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Uganda: Author of ‘Kill the Gays’ bill seeks No. 2 post in parliament

David Bahati, the homophobic Ugandan legislator, has declared his intention to contest the position of Deputy Speaker of the Parliament of Uganda when the 11th parliament gets under way in May.


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David Bahati as shown in a campaign poster for the January 2021 election.

 

By Joto La Jiwe

One of the seven candidates vying to be Deputy Speaker of the Uganda Parliament is David Bahati, the MP who introduced the Uganda Anti-Homosexuality Bill in October 2009. The bill as written would have created the new offence of “aggravated homosexuality” which would be punishable by death, earning it the colloquial name, “Kill the Gays Bill.”

The Anti-Homosexuality Act was signed into law by President Museveni in February 2014, with the death penalty proposal reduced to life in prison. The Constitutional Court struck it down in August 2014, citing a procedural breech, but the damage had already been done to the LGBT community in Uganda.

Sexual Minorities Uganda executive director Frank Mugisha says David Bahati will not hesitate to influence the introduction and and passing of anti-gay laws and other conservative laws that will affect many Ugandans negatively.

“Having David Bahati as the Deputy Speaker of Parliament would be a disaster and dangerous to an old vulnerable LGBT community,” Mugisha says. “It would give Uganda and parliament a very bad picture.”

Bahati, 48, has been MP for Ndorwa West in Kabale District since 2006 and State Minister for Planning since 2015. He holds a Bachelor in Commerce, a Master Degree in Business Administration and is a certified public accountant. He also holds an Executive Certificate from the Wharton business school in the United States, and a Campaign Leadership Certificate from the Leadership Institute, Arlington, USA. He is the current chair of the National Prayer Breakfast.

Electing the Speaker and Deputy Speaker of Parliament will be the first activity of the new Parliament elected in the disputed January 2021 elections. According to Article 82 of the 1995 Ugandan Constitution, the Speaker and Deputy Speaker are elected by members of Parliament from among themselves.

The current speaker, Rebecca Kadaga, who described the passing of the Anti-Homosexuality Bill in December 2013 as “a Christmas gift” to Ugandans, is also seeking reelection.

“Ugandans want that law as a Christmas gift. They have asked for it and we’ll give them that gift,” Kadaga said in 2013.

Homophobic current Ugandan speaker Rebecca Kadaga raises a card for Uganda to signal Uganda’s rejection of gay rights debate at an October 2018 IPU meeting. (Photo courtesy of Parliament of Uganda)

She is also on record defending Bahati. In reference to Bahati’s Anti-Homosexuality Bill, Kadaga once said, “I cannot deny them the right to move private members’ bills. The debate on homosexuality is not a settled matter.”

She has gone on record saying she is open to having the Anti-Homosexuality Bill revived.

“Unfortunately, the bill was annulled by the court after President Yoweri Museveni had assented to it. However, the bill can still be deliberated on in parliament if the movers bring it back,” she told a local radio talk show in 2016.

At the 139th Inter Parliamentary Union (IPU) in Geneva in October 2018, Kadaga voted to ban debate on LGBT issues from appearing in the IPU agenda ever again.

She is reported to have played down the murder of LGBT activist David Kato in January 2011. While speaking at an IPU assembly in Quebec, Canada, in 2012, Kadaga alleged that Kato had contracted to pay his lover in order to have sex with him and that, when he failed to pay, he was beaten to death.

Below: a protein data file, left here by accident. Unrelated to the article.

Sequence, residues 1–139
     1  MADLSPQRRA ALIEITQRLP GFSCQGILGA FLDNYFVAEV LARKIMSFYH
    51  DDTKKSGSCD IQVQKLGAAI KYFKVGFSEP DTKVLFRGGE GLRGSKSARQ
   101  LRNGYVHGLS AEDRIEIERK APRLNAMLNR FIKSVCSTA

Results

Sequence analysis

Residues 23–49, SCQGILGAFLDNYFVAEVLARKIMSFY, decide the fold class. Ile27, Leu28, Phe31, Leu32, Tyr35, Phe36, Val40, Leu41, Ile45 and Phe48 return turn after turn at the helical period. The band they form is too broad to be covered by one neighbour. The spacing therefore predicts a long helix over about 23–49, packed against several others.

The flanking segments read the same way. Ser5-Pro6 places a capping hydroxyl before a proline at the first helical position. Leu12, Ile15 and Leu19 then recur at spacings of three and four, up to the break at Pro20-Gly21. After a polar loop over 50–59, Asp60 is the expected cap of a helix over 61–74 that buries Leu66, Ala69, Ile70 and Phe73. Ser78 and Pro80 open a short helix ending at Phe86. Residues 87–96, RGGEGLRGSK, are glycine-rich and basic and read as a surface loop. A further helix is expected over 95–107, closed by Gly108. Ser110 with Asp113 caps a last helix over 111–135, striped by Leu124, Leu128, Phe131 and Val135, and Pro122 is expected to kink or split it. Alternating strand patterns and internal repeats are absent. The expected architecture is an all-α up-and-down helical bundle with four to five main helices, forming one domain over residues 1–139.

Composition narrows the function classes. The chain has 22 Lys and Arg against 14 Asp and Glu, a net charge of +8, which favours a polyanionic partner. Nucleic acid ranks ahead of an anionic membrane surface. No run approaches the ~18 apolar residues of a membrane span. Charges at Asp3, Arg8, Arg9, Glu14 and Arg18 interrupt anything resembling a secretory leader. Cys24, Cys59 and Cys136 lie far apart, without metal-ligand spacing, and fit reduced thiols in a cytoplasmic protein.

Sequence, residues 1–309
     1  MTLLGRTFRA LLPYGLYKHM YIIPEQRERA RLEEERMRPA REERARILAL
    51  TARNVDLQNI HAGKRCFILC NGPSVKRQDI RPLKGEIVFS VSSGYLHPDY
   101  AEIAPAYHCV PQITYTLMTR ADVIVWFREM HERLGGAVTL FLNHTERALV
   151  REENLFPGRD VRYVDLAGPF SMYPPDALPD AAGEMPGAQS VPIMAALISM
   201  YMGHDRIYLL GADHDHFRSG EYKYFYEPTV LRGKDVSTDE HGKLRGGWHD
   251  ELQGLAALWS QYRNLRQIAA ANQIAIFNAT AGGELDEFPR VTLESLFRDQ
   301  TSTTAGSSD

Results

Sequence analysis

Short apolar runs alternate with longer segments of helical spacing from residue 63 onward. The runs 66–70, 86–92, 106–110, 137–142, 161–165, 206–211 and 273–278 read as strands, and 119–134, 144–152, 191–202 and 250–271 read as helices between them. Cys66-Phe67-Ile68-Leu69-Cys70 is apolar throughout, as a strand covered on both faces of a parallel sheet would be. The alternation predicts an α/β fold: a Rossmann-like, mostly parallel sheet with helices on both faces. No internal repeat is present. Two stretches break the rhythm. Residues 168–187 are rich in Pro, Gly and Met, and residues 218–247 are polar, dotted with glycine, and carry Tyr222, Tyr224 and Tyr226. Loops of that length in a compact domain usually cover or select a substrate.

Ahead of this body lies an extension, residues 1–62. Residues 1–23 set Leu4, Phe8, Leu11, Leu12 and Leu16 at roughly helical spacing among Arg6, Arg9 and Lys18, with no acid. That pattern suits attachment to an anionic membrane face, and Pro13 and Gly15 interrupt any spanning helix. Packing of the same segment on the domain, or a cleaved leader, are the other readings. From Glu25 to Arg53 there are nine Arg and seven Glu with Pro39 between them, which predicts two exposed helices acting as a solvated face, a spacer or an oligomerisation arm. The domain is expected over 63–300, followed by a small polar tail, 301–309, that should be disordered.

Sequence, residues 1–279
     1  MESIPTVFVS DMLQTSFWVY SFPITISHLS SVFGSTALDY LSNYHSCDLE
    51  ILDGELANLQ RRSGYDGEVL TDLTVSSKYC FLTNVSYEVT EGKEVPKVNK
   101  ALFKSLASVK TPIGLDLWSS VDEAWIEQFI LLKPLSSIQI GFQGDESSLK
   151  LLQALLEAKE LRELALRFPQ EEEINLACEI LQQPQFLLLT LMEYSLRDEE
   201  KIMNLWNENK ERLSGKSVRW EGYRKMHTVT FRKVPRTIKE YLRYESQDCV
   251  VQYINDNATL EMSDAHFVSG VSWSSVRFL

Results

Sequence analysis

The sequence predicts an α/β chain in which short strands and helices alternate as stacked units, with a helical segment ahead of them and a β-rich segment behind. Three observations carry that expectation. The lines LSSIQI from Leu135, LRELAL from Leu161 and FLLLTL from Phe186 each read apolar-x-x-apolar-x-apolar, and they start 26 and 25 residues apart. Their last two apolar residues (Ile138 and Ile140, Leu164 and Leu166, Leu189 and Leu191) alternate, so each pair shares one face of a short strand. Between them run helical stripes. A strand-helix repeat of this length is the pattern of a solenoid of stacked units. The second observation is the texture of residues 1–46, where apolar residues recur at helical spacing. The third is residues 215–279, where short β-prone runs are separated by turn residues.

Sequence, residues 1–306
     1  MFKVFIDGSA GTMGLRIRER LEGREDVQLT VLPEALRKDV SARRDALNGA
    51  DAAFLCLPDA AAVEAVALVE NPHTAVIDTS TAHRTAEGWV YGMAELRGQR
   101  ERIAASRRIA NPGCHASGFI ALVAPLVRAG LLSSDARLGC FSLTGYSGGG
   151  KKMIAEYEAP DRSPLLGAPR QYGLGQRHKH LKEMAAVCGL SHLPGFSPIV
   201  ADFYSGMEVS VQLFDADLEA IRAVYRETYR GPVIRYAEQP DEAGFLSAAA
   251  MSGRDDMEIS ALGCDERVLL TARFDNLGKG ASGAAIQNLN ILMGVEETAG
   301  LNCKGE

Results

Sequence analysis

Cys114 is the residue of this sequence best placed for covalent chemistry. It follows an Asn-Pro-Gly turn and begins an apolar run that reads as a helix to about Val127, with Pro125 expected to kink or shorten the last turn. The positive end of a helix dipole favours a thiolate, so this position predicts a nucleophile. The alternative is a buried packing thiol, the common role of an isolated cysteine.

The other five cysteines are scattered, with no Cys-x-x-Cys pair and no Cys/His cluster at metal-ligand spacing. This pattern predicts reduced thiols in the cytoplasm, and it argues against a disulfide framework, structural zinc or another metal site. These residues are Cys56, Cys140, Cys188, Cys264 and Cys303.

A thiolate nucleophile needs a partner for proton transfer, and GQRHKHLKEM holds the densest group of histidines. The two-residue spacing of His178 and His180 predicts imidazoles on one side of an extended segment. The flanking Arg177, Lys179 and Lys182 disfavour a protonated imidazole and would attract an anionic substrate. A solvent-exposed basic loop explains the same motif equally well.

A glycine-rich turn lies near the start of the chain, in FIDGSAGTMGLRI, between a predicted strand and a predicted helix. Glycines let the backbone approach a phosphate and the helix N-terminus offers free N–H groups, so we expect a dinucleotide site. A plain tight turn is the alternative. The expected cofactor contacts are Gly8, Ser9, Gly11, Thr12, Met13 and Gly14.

On that same visit, she caused a diplomatic stir by getting involved in a spat with the host Foreign Minister John Baird, whom she accused of attacking Uganda’s human rights record in respect to sexual minorities.

“When we came for this Assembly, to which we were invited, we expected respect for our sovereignty, our values and our country.… I, therefore, on behalf of the Ugandan delegation, and, indeed, the people of Uganda, protest in the strongest terms the arrogance exhibited by the Foreign Minister of Canada, who spent most of his time attacking Uganda and promoting homosexuality,” Kadaga said.

If Kadaga retains her position as speaker, rights activist Dorothy Emuron says the LGBT community in Uganda will have less reason to celebrate, and if David Bahati is elected her deputy, it will be disaster for the LGBT community.

Ugandan President Yoweri Museveni flanked by Prime Minister Ruhakana Rugunda signs the Anti-Homosexuality Bill into law at the state house in Entebbe, February 24, 2014. (Photo courtesy of Reuters)

Joto La Jiwe, the author of this article, is a Ugandan correspondent for the African Human Rights Media Network and a member of the Uganda Health and Science Press Association. He writes under a pseudonym. Contact him at info@76crimes.com.

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Written by Colin Stewart

Colin Stewart is a 45-year journalism veteran living in Southern California. After his retirement from paid newspaper work in 2011, he launched Erasing 76 Crimes and helped with the Spirit of 76 campaign that assembled a multi-national team of 26 LGBTI rights activists to advocate for change during the International AIDS Conference in Washington, D.C., in July 2012. He is the president of the St. Paul’s Foundation for International Reconciliation, which supports LGBTQ+ rights advocacy journalism, including the Erasing 76 Crimes news site and the African Human Rights Media Network. Contact him via Twitter @76crimes or by email at info@76crimes.com. Mailing address: 21 Marseille, Laguna Niguel CA 92677 USA.

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